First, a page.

European farmers, responding to urbanisation and growing demand for food in the 19th century, banded together to form not only agricultural co-operatives, but financial ones. Today, African farmers are in a similar position, but they now have the opportunity to organise themselves in a different fashion, integrate value chains to their benefit and develop their businesses.
With technology, these farmers can shape their own solutions. Using simple mobile phones they can make payments, order farm inputs or sell their produce. As agri value chains become increasingly digitised, we need to ensure they remain inclusive, which requires careful data design with smallholders’ interests at its heart.
Demand for food is growing as populations, particularly those in developing economies, continue to increase. At the same time, sustainable food production requires the responsible use of scarce resources such as land and water.
The World Bank and FAO estimate that 95 per cent of the world’s farmers can be classified as smallholders. They produce 45 per cent of the world’s food, 70 per cent of which comes from sub-Saharan Africa, Latin America and south and east Asia.
Technology is monitoring individual plots, enabling farmers to access pre-harvest advances when the need for cash is at its peak
Such scale of production means the world simply needs small farmers to thrive. Yet behind this picture lies the potential to increase maize yields, to take one example, by up to 400 per cent.
Years of efforts to train farmers, drive consolidation and support government interventions are not delivering on the potential that is clearly present in agriculture in Africa. Some farmers lack even the most basic services and logistics, let alone access to the finance or new technologies needed to scale their businesses and increase yields.
These smallest of farmers are price takers when bringing their produce to the world market. They are expected to adhere to global standards when they want to export, while cheap imports are destroying their access to local markets. On top of this, they face the adverse effects of climate change.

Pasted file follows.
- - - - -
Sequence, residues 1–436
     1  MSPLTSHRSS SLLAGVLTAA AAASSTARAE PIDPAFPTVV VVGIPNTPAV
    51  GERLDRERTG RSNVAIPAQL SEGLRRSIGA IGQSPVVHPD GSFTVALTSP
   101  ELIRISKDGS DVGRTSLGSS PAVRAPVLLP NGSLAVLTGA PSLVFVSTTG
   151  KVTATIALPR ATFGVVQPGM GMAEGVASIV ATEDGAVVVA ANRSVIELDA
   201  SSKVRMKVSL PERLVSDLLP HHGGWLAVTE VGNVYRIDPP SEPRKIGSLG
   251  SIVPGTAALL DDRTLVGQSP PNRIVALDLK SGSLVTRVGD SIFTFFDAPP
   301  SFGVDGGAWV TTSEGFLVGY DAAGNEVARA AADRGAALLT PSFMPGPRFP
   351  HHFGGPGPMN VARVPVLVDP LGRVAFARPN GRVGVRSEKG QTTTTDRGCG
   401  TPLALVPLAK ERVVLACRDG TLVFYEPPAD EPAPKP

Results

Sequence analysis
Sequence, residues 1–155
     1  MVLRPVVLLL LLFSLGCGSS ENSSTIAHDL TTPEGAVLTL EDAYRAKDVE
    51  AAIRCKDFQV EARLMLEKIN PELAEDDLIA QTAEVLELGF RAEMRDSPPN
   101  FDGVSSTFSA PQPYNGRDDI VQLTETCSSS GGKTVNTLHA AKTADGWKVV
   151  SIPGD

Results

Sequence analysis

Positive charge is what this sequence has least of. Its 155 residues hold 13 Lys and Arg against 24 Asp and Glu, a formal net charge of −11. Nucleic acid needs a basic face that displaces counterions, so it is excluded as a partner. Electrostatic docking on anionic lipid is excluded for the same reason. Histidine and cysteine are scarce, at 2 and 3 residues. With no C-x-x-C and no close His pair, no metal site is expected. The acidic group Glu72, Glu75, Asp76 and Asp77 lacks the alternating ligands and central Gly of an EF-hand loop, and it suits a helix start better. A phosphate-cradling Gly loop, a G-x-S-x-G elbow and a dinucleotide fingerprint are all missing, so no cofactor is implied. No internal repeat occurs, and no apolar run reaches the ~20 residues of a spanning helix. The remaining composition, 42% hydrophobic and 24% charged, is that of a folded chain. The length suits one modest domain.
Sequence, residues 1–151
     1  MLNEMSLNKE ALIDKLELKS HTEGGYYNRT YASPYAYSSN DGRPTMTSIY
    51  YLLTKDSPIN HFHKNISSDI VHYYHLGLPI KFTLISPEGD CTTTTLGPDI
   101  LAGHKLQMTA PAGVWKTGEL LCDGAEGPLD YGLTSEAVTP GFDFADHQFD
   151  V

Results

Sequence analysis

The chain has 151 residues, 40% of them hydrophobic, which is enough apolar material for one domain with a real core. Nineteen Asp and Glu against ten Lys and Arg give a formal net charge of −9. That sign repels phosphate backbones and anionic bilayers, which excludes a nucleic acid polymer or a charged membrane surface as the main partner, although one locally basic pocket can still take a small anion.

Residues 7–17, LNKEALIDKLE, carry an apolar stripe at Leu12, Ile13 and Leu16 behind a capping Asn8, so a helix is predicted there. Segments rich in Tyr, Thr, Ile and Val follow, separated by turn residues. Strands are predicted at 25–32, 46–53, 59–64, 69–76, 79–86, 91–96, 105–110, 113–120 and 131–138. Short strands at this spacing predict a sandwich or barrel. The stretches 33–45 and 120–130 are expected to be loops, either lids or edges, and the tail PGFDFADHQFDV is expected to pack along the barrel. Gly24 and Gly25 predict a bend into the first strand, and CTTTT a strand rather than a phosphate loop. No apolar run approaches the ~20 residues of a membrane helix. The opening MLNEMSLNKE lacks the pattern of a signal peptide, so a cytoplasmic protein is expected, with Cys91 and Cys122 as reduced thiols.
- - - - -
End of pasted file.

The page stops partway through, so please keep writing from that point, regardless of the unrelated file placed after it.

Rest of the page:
Despite these dire circumstances, however, they manage to produce a marketable surplus, putting food on consumers’ tables across the planet.
Agricultural supply chains might be opaque and fragmented, yet these smallholder farmers help to provide us with cheap cups of coffee and bars of chocolate on a daily basis — it must be the “invisible hand” of economist Adam Smith at work in how they find their way in a competitive market.
Large international players in food supply chains are increasingly aware that their future market shares depend on proven fair production and transparency all the way to the grassroots level. They cannot avoid growing consumer awareness of the means of production for the most essential of human needs: food.
This change will shape the near future. A digitised value chain will benefit all stakeholders by creating greater transparency about where our food comes from, while helping primary producers to access much-needed resources including finance, inputs and fair prices.
Fintech and agritech initiatives are already jumping upstream on the supply chain, bringing digital services to smallholder farmers and their customers including local traders and processors. Examples range from lending products in the form of digital “wallets”, allowing farmers to access small loans through their phones, to large food processors having the opportunity to monitor local farm gate prices in real time.
We have spoken to farmers who, for the first time, are setting aside cash for the next season rather than using it for their daily expenses. Technology is monitoring individual plots, enabling farmers to access pre-harvest advances when the need for cash is at its peak. All by using an old mobile phone with a simple menu.
The means are there to help these farmers deliver on their potential, the technology is already available at low cost. Stakeholders including agritechs and fintechs in the value chain must create a digital ecosystem that for farmers is easy to use and can deliver transparency, farming insights and greater access to finance. It will lead to better and sustainable yields.
Such a system will rely on farmers’ data. But, crucially, it must also respect farmers’ ownership of that data and use it for their benefit. Only then can farmers seek services and markets in an open and transparent environment.
That way, Adam Smith’s invisible hand can deliver on its promise and enable investors to support those vital links further up the supply chain.
Marianne Schoemaker is head of banking for food partnerships at Rabobank